Single Touch Payroll (STP), is an Australian Government initiative to reduce employers' reporting burdens to…
Changes to the Fair Work Act
Changes to the Fair Work Act – What you Need to Know as an Employer
The Fair Work Amendment (protecting Vulnerable Workers) Act 2017 came into effect on 15 September 2017, and this amended the Fair Work Act 2009 (CTH) (FW Act). Below are a few of the most important changes that could have an effect on you or your business.
Maximum penalties for any civil remedy provisions of the FW Act have increased by as much as tenfold. An employer who seriously contravenes any of their obligations under specific provisions of the FW Act could find himself or herself being liable for up to $126,000 per contravention if the employer is an individual and up to $630,000 in cases where the employer is a corporation.
A contravention will be a ‘serious offence’ in cases where the employer knowingly contravened the provision and that conduct formed part of a routine of conduct that relates to one or more persons, and this can also include previous breaches of any other civil remedy provisions.
Any person who is involved in a contravention of a civil remedy provision that has been committed by another person will also be deemed to have committed a serious offence, if the principal’s contravention was a serious one and the person involved was aware that it was a serious contravention.
Increased penalties will also be applied to employers who are in contravention of their record-keeping obligations under the Fair Work Act. The maximum penalty for any employer who does not keep the required employee records or issue compliant pay slips has doubled and employers who falsify any employee records will now be held liable for triple the previous maximum penalty amount.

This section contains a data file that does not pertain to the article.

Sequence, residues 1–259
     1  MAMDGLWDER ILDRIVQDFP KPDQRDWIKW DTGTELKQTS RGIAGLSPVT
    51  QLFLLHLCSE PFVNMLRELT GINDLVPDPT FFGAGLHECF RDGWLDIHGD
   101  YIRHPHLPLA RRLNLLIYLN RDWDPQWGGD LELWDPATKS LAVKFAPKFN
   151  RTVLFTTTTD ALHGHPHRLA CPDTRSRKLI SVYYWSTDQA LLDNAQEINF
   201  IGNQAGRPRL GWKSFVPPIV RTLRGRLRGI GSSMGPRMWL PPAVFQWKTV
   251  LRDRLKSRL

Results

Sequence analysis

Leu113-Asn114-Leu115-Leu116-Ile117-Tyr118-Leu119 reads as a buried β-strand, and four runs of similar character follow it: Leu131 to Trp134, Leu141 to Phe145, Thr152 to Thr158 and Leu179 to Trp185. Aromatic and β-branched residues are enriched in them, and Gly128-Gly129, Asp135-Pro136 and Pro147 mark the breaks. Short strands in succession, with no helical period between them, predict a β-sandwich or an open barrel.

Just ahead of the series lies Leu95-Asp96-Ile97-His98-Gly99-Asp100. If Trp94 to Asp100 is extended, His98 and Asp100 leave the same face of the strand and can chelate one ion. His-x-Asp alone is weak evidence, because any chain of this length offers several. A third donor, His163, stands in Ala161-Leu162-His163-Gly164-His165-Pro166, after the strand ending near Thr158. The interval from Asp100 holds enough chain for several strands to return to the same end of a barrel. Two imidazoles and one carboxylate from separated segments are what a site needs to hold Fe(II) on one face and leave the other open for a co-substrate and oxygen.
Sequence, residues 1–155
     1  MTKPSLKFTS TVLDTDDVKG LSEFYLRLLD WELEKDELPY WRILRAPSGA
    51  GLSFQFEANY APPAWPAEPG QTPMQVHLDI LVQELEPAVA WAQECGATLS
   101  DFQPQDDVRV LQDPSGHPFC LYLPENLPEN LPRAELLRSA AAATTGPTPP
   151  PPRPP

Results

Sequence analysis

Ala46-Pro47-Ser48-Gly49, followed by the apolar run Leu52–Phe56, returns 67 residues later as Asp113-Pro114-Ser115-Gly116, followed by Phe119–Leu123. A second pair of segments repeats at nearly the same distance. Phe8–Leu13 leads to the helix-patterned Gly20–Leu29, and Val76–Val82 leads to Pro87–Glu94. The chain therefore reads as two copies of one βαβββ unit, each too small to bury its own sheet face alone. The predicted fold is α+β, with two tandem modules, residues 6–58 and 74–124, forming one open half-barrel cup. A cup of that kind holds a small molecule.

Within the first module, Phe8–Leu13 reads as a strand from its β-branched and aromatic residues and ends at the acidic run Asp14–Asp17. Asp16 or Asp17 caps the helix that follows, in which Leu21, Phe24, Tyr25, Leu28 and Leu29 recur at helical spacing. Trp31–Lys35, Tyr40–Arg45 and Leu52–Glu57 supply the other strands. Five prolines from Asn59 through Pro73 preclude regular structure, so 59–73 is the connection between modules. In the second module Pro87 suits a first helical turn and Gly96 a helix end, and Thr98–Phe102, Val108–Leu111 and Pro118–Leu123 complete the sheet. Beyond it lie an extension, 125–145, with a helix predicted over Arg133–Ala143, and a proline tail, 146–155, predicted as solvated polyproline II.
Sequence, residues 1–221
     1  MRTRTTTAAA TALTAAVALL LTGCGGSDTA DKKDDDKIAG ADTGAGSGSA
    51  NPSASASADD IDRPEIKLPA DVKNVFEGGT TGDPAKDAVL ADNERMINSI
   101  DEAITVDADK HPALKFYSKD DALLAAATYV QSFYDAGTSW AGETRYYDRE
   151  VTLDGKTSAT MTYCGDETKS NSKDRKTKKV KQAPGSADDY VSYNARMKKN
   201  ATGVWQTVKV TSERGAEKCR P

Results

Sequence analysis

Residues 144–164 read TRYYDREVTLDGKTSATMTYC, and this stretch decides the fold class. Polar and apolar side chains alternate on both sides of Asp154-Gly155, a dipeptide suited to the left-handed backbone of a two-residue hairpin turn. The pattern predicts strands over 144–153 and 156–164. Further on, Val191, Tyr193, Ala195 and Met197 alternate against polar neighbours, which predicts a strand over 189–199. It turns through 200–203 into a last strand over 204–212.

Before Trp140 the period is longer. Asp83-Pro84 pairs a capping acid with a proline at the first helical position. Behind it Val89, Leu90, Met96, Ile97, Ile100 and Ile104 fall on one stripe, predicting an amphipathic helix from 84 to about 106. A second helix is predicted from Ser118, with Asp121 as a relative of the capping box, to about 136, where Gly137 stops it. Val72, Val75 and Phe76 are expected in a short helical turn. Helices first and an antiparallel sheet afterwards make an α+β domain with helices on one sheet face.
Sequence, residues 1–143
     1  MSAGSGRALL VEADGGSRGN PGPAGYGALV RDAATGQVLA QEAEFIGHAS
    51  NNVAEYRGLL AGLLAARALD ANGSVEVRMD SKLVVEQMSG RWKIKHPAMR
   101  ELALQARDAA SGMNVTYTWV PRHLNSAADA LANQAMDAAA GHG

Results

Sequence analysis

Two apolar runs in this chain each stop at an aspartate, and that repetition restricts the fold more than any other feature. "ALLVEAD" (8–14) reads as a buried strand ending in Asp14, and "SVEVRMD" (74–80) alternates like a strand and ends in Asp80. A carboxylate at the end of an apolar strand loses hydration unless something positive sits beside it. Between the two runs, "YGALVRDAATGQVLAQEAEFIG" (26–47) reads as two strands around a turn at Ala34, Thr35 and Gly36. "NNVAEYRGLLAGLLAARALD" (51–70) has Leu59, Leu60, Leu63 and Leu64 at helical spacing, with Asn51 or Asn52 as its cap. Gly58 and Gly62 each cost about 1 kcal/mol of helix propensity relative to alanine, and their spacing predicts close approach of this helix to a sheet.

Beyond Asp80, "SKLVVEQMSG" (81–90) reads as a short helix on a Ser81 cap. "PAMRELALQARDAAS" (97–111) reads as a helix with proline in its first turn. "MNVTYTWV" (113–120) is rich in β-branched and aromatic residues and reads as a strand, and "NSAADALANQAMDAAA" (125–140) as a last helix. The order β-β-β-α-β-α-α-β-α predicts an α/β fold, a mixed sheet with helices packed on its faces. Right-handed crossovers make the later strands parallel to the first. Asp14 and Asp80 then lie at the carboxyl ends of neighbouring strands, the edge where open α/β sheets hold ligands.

Fair Work Ombudsman
The evidence-gathering and investigative powers of the Fair Work Ombudsman (FWO) have also been improved. It is now possible for the FWO to apply to the Administrative Appeal Tribunal for an FWO notice if it is reasonably believed that a business or person has documentation or information that will assist with an investigation and is able to provide evidence thereof.
An FWO Notice can be utlised to require a business or person to:
- Supply documentation
- Provide information, or
- Attend an interview to answer questions
Failure to comply with any FWO Notice will result in a penalty of $126,000 being applied to an individual and $630,000 if a corporation is concerned. Penalty amounts will also apply to anyone who intentionally obstructs the FWO or any of its inspectors during the course of their duties and functions.
‘Cash-back’ Agreements Strictly Prohibited
Changes to the Fair Work Act now also include a strict prohibition against employers from indirectly or directly requiring a staff member to spend or pay to the employer, any amount of funds or a portion of the staff member’s wage if this requirement is deemed to be unreasonable in the specific circumstances and if the payment is for the benefit of the employer or any related entity.
Reverse Onus of Proof
If any employee makes claims with regards to there being a contravention of the employer’s obligations and the employer in question did not keep the required records, make the records available and provide a compliant pay slip to the employee, the responsibility will now fall on the employer to prove that they have indeed paid the employee correctly and that the appropriate entitlements have also been paid.
What Employers must do now
- Ensure that all systems for compliance with minimum employment standards under the Fair Work Act, agreements and awards are effective and pertain to all employees in your company or organisation
- If there is any chance of non-compliance, perform a complete desktop audit of your current processes for employment record keeping and provision of employee pay slips. This must include any outsourced payroll arrangements if applicable.
- If an FWO Notice is issued to you, contact your legal advisor immediately. Although some of the changes will provide protection from liability relating to information given in response to an FWO notice, the privilege against any form of self-incrimination will not apply.
This Post Has 0 Comments